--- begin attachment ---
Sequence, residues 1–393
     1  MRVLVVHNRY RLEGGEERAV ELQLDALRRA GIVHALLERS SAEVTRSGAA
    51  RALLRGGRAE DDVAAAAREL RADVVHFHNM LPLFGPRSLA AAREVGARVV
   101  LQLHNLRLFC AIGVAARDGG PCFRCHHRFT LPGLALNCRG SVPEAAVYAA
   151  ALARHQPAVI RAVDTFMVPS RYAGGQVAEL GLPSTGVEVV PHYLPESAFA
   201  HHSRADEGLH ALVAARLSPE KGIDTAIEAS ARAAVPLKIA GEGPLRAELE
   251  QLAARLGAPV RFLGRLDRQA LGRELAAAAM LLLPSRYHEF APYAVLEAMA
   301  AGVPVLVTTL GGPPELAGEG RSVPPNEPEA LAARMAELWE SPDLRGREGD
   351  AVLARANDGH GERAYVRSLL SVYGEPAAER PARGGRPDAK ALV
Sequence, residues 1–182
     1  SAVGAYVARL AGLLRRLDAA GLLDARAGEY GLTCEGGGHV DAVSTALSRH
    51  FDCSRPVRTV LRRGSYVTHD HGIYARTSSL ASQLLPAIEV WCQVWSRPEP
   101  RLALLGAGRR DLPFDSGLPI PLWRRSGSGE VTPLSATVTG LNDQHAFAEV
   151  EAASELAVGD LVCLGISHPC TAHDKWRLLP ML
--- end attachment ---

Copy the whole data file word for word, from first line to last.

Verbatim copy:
Sequence, residues 1–393
     1  MRVLVVHNRY RLEGGEERAV ELQLDALRRA GIVHALLERS SAEVTRSGAA
    51  RALLRGGRAE DDVAAAAREL RADVVHFHNM LPLFGPRSLA AAREVGARVV
   101  LQLHNLRLFC AIGVAARDGG PCFRCHHRFT LPGLALNCRG SVPEAAVYAA
   151  ALARHQPAVI RAVDTFMVPS RYAGGQVAEL GLPSTGVEVV PHYLPESAFA
   201  HHSRADEGLH ALVAARLSPE KGIDTAIEAS ARAAVPLKIA GEGPLRAELE
   251  QLAARLGAPV RFLGRLDRQA LGRELAAAAM LLLPSRYHEF APYAVLEAMA
   301  AGVPVLVTTL GGPPELAGEG RSVPPNEPEA LAARMAELWE SPDLRGREGD
   351  AVLARANDGH GERAYVRSLL SVYGEPAAER PARGGRPDAK ALV
Sequence, residues 1–182
     1  SAVGAYVARL AGLLRRLDAA GLLDARAGEY GLTCEGGGHV DAVSTALSRH
    51  FDCSRPVRTV LRRGSYVTHD HGIYARTSSL ASQLLPAIEV WCQVWSRPEP
   101  RLALLGAGRR DLPFDSGLPI PLWRRSGSGE VTPLSATVTG LNDQHAFAEV
   151  EAASELAVGD LVCLGISHPC TAHDKWRLLP ML